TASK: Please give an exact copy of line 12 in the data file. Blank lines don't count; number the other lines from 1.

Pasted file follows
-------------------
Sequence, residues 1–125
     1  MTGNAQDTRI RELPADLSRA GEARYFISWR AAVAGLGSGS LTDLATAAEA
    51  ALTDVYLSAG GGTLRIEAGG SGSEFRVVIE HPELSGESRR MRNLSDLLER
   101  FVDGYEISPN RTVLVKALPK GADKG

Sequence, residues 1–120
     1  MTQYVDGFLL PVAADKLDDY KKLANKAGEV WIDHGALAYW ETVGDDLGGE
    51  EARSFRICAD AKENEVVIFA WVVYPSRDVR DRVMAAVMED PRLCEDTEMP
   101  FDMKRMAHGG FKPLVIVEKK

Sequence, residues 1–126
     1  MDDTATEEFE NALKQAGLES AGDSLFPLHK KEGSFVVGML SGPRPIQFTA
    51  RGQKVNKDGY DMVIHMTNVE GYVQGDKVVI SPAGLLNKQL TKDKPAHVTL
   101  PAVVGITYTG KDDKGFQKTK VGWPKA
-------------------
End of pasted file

   101  PAVVGITYTG KDDKGFQKTK VGWPKA